You’ll have to work for your money with an assistantship—for instance, helping a faculty member with research, teaching a class or providing administrative duties—but you’ll get work experience and probably a great reference upon graduating. Just be prepared for the stress and time constraints that working will add to your schedule.

Private loans
While private loans typically come with a higher interest than state or federal loans, they’re often a good last resort.

Related work
If nothing else, you can earn some money by working outside of your class time in a related capacity, such as teaching at a nearby community college or writing for trade journals.

Sites that provide a listing or links to graduate school funding options and information: scholarships.com, fastweb.com, edvisors.com and gradschools.com, which has a financial aid section.

Applying to Grad School

Applying for Grad School
If you’re headed to graduate school in the fall, then you’ve already done this part (congrats!). But maybe you’re planning to attend graduate school and still considering your options or wanted to get some work experience first. In any case, it’s not too early to get the ball rolling in terms of your application.

Talk to Your Teachers
Before you graduate, find time to chat to your teachers about which graduate school programs they’d suggest for you. Request information from the schools, and then ask your teachers if they’d be willing to write you a letter of recommendation. Chances are, you’ll need two or more for an application. You’ll also need school transcripts, so keep that in mind; you might not be able to get them before you graduate, but you could find out how to request them.

Tackle the Exams
Find out which exam is required by the graduate schools for your field of interest—and what score you should aim for to be in serious contention for acceptance. Most graduate schools require the GRE, but if you’re considering law school, you’d go for an LSAT, medical school requires the MCAT and business school, usually a GMAT. It’s a good idea to enroll in a test prep course to fully prepare—the sooner the better—but know that you can typically retake an exam within the same year.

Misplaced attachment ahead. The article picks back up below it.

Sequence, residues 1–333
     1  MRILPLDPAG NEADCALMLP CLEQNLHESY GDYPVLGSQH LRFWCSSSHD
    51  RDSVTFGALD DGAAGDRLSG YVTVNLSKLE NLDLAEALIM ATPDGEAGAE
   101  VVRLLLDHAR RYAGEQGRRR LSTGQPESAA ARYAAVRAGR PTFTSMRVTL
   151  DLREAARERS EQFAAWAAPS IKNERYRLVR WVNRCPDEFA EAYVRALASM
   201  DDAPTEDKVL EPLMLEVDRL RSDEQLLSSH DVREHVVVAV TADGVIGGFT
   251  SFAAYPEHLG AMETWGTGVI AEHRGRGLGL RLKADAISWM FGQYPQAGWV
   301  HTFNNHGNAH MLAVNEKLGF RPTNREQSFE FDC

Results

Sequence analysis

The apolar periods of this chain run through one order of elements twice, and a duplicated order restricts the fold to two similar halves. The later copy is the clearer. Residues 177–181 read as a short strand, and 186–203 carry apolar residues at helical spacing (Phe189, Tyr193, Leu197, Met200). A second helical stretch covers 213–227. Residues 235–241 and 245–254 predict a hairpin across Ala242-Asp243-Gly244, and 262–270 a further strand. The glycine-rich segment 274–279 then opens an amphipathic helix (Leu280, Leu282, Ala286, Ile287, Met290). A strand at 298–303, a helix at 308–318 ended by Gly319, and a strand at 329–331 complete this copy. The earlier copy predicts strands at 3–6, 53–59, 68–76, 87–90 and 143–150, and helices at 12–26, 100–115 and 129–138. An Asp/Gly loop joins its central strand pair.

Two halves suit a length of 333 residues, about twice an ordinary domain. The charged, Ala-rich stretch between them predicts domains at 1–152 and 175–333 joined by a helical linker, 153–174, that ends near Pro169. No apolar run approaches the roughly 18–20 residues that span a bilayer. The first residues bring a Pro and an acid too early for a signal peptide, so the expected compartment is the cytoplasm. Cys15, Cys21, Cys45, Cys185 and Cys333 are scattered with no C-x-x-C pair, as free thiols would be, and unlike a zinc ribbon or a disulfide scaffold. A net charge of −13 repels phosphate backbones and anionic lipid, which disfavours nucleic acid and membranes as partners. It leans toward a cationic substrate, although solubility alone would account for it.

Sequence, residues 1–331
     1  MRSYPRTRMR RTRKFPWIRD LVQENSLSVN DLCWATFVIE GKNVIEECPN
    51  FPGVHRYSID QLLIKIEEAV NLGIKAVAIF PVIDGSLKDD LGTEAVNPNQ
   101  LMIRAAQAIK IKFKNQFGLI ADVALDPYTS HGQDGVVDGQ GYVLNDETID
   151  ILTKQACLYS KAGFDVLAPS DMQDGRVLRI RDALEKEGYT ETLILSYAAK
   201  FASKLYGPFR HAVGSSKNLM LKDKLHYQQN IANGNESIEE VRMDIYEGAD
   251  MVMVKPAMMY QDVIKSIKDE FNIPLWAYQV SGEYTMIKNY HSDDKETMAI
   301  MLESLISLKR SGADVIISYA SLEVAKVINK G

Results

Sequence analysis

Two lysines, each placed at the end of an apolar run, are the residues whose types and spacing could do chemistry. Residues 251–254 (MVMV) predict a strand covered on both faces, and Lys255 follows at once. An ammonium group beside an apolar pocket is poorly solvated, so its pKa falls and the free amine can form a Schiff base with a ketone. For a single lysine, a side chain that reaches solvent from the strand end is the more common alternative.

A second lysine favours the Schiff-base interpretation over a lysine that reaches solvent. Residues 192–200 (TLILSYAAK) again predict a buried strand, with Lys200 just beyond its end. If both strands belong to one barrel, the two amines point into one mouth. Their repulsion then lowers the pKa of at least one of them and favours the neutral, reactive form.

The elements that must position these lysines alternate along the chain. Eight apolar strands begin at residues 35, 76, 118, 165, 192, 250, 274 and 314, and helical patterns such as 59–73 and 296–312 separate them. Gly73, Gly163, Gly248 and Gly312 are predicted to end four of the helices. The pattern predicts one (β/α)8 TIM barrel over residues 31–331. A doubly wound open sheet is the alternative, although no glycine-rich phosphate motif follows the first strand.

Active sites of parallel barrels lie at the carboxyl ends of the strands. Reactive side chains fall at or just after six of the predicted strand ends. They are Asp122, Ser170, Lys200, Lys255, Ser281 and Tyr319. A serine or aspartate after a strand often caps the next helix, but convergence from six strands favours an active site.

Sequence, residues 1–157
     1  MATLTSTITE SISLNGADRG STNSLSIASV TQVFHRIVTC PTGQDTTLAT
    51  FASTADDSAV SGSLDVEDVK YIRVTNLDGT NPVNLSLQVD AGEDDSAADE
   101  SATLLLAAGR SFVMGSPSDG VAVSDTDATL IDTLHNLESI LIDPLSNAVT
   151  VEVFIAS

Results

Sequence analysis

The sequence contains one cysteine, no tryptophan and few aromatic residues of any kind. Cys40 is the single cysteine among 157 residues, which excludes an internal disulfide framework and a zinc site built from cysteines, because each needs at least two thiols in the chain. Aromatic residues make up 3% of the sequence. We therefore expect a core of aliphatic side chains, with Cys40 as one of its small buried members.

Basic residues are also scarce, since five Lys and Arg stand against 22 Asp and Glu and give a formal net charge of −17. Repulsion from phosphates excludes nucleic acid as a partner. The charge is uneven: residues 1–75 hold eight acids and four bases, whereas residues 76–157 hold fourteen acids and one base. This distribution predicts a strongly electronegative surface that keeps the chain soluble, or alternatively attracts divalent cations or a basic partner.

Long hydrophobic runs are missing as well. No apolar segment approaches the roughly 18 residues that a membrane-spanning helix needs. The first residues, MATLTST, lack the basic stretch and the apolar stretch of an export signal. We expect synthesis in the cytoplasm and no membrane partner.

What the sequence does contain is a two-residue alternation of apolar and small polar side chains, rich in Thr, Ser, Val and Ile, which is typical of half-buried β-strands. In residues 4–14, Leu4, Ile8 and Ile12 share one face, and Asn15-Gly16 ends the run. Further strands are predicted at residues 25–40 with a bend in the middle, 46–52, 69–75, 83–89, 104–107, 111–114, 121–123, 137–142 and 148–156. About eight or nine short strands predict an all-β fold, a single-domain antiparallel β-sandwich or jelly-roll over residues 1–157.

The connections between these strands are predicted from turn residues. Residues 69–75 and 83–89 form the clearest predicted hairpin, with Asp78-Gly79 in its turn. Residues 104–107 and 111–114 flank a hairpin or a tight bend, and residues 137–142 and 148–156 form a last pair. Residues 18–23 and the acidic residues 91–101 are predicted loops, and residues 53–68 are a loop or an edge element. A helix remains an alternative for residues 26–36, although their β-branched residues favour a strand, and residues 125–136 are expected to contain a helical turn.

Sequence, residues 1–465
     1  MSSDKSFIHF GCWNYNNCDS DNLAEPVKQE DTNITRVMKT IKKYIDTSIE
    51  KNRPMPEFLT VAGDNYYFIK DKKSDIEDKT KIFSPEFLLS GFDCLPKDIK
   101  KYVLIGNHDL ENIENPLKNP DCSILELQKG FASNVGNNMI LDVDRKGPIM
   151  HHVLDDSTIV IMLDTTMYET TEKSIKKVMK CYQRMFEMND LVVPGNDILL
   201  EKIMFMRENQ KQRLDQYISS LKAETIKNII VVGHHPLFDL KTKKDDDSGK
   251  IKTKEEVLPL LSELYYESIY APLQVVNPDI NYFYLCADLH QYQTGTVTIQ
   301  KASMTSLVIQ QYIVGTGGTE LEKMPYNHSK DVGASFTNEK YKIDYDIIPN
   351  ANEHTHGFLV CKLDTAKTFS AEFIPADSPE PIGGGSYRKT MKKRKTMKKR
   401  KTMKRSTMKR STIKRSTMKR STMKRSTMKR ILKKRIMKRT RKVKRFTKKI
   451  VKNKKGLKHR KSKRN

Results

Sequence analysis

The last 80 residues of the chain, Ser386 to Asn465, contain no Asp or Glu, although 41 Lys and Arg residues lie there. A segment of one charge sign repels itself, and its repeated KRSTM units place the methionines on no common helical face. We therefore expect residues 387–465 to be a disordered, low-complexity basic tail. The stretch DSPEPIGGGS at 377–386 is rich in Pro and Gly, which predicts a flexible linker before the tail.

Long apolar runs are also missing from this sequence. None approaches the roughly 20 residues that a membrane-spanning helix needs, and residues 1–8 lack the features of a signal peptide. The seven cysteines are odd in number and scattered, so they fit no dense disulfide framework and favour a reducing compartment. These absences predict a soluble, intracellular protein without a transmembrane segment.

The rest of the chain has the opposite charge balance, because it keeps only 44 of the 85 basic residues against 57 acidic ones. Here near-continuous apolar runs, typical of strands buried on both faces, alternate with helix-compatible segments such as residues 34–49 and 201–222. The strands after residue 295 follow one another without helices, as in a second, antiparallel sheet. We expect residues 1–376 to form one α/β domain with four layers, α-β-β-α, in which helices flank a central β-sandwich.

Draft Your Personal Statement
For college applications, the essay was your beast to tame; for graduate school, it’s a little bigger, because you’ll need to not only recap your academic career, but indicate why you will make a good addition to their program. The trick is, to tell a story—the story of you—but give them all the information they need at the same time. Get more tips in “How to Write a Graduate School Admission Essay.”

Gather Samples of Your Work
Depending on the type of graduate school you’re applying to, samples mean different things: an art portfolio, research results, published papers, etc. Whatever it is, take care to present it in an appealing, comprehensible way. Whatever you do to make it easier for the admissions committee to receive, understand and, hopefully, enjoy your submission, works in your favor.

Check the Instructions
Each graduate school may have slightly different requirements and requests. Be sure you understand and follow the directions for each one. Failing to do so not only shows a lack of respect for the process, but it makes you look lazy and may kick you out of the running entirely. For example, maybe one school wants 1,000 words for a personal statement, while another one says 500 max, but you send them both 1,000. It will only take a second for the admissions office to put your application in the “doesn’t follow instructions” pile.

Cross Your Ts

No point in rushing to send something if it’s not done well. Give yourself enough time to complete your application and then have time to go back and edit and proofread. An admissions committee might not notice that you’ve polished to perfection, but they’ll notice if you don